Respect Todd’s Deck
Labeled as U/R Control, this Pyromancer’s Goggles deck plays more like a combo deck than anything. Lightning Axe plus Fiery Impulse. Magmatic Insight plus Drownyard Temple. Pyromancer’s Goggles plus anything red, but especially Fall of the Titans.
Todd lost in the semifinals to Mono-White Humans, but that’s a matchup that can easily be shored up with more removal. There’s a lot of incremental value here with the madness cards, Drownyard Temple Regrowths, and X-for-one burn spells like Kozilek’s Return and Fall of the Titans.
One aspect that makes this deck so hard to beat is that its creatures are potent but there are few of them. If you sideboard in Silkwraps, then you could just lose to Chandra, Flamecaller or Pyromancer’s Goggles. Go low on removal and you can lose to a turn 2 Jace, Vryn’s Prodigy. I want to say be prepared to beat this deck, but I’m not even sure the best way to go about doing so. Maybe I’ll figure that out before #SCGINVI, maybe not. Or maybe I’ll join him.
Surprisingly Absent From #SCGBALT
Sure, a few copies of these slipped into the Top 64, but definitely not the turnout that I expected for these cards. Maybe I underestimated how potent the Humans deck would be as the go-to aggro deck.
I kinda thought that Vampires was overhyped. I still expected it to be a deck. The tribe is pushed so hard! Maybe people (myself included) started brewing Vampires early into the spoiler season of Shadows over Innistrad and just played with and failed with the few options that were available at the time. I think the best way to build Vampires is as a very fast and direct-damage-oriented version featuring Alms of the Vein. Sadly, low-curve red and black aggro has empirically been beaten by Mono-White strategies that go slightly bigger. Once people figure out a good way to beat Humans, then Vampires have a chance.
What to Avoid In Standard
Just not enough red or black creatures to warrant playing Surge of Righteousness in your sideboards. Silkwrap does most of the same unconditionally. No longer is there a Become Immense + Temur Battle Rage combo to worry about. Hidden Dragonslayer is pretty good right now and a better lifegain card in general too.
Mono-Red Eldrazi is too weak, as are other one-color + colorless decks. Play another color. There were some R/W Eldrazi decks at #SCGBALT that had okay showings. W/B Eldrazi did pretty well mostly on the strengths of Archangel Avacyn, Eldrazi Displacer, and Shambling Vent.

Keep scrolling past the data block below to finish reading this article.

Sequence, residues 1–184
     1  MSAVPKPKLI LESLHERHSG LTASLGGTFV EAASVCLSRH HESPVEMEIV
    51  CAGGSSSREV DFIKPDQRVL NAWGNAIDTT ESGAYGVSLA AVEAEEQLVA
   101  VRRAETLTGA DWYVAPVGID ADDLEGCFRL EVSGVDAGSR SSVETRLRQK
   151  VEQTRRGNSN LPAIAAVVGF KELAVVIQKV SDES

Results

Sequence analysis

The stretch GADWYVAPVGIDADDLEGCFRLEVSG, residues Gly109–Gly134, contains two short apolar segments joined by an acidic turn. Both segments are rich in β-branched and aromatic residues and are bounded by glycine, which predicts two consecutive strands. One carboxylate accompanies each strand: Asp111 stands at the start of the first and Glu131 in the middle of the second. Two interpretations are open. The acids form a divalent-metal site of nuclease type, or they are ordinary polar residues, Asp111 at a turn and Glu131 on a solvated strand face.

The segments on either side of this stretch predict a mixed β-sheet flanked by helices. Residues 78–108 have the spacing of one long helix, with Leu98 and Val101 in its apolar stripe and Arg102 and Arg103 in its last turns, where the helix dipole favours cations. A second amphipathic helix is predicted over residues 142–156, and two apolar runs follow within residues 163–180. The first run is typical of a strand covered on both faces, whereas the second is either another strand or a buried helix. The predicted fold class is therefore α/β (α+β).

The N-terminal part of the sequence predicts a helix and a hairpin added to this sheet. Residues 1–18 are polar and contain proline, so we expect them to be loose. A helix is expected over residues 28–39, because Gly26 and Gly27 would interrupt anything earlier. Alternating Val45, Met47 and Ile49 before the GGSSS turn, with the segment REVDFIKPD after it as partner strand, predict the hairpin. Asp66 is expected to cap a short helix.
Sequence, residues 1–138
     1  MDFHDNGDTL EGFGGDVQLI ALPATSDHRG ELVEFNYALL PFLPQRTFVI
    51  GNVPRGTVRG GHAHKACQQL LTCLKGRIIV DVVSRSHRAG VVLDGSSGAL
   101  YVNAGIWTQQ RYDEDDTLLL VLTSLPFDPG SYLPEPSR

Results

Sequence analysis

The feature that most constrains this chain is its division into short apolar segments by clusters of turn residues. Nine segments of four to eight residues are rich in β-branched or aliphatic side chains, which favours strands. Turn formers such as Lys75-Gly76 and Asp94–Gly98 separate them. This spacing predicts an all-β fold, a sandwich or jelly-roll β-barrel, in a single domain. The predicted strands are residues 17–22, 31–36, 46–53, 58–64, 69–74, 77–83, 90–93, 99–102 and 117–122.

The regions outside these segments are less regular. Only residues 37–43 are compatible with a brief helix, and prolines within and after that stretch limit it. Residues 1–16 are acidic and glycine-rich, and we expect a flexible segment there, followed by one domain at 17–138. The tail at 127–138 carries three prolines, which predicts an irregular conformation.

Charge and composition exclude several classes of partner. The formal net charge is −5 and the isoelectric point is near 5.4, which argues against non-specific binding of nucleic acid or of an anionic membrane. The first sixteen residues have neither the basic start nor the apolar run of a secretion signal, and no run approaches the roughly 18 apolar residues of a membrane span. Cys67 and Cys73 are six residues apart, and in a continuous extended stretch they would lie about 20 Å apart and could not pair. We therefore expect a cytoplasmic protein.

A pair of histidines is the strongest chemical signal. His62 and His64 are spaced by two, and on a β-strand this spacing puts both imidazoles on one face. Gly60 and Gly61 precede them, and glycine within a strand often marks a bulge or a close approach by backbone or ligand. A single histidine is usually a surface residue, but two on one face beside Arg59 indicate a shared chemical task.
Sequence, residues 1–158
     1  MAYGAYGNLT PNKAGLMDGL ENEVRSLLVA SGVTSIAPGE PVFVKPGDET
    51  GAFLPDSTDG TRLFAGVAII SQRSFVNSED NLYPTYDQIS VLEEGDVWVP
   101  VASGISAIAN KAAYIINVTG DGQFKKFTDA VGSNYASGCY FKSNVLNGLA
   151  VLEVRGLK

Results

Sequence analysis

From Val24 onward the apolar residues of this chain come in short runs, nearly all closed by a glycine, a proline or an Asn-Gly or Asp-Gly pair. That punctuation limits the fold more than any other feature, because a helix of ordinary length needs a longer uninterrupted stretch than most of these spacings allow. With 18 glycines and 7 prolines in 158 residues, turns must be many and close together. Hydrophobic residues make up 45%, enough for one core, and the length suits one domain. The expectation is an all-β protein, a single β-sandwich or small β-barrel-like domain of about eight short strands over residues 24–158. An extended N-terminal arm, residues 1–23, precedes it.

The loss of Tomb of the Spirit Dragon is a bigger blow to Mono-Red Eldrazi than is clearly apparent. Freeroll lifegain to outrace people with was enormous. The colorless options left are largely redundant. Westvale Abbey looked like it’d be great in a monocolored deck with tokens in it… but it’s not. You don’t need more token makers with your lands after Foundry of the Consuls.
Ramp sucks. Ignore it.
These cards are to have more racing power against the non-interactive G/R Ramp matchup. If #SCGBALT taught us anything, it’s that G/R Ramp isn’t nearly as frightening as it once was with Ugin, the Spirit Dragon.
With Virulent Plague and Tragic Arrogance showing up in decently high numbers, I’d avoid playing any deck that’s heavily reliant on creature tokens. Cryptolith Rite decks certainly look fun and cool, but they are grossly inconsistent and shut out after sideboard by these cards. If you play with tokens, only play them in moderation, like with Gideon, Ally of Zendikar.
Cards I’m Interested in Exploring More
- 4 Elvish Visionary
- 2 Zurgo Bellstriker
- 4 Den Protector
- 2 Pia and Kiran Nalaar
- 4 Thopter Engineer
- 4 Loam Dryad
Seriously, though, I think Loam Dryad is a bit overlooked and maybe even dismissed after people were unimpressed with Cryptolith Rite decks. It enables a two-drop into Outnumber or another one-drop as well as a four-drop on turn 3. The 1/2 body needs a little help or else it gets outclassed quickly, so we aim to either grow it bigger with Nissa, Voice of Zendikar or to end the game quickly.
Yeah, it’s a little strange to want to explore cards that are clear Standard staples. Honestly, there wasn’t much I really loved about the W/B Eldrazi deck from #SCGBALT other than these two cards. Nothing from black was particularly impressive outside of Shambling Vent and, to a much lesser extent, Ayli, Eternal Pilgrim. I’ll be working along with Michael Majors on this duo as he has similar stances on these two cards (and the W/B Eldrazi deck).
With the (justified) rising popularity of Archangel Avacyn, flying creatures like Linvala, the Preserver that go just a little bit bigger are in a nice spot. Mindwrack Demon also slots into this category, but I don’t want to dip into black moving forward if I don’t have to. The 5/5 body also rumbles well against Archangel of Tithes and even bounces off of it if Always Watching is involved on their side.
Week Two at #SCGINVI
Sadly, I don’t have a Standard deck that I’m all about right now. Not a great place to be and not where I was when I won previous Invitationals. I probably should’ve just been jamming endless hours with only Humans this past month. I do like being the aggressive deck, but I hate that it’s so popular and has such a huge target on its head.
Oh, and there’s Modern to worry about too.
See ya in Columbus!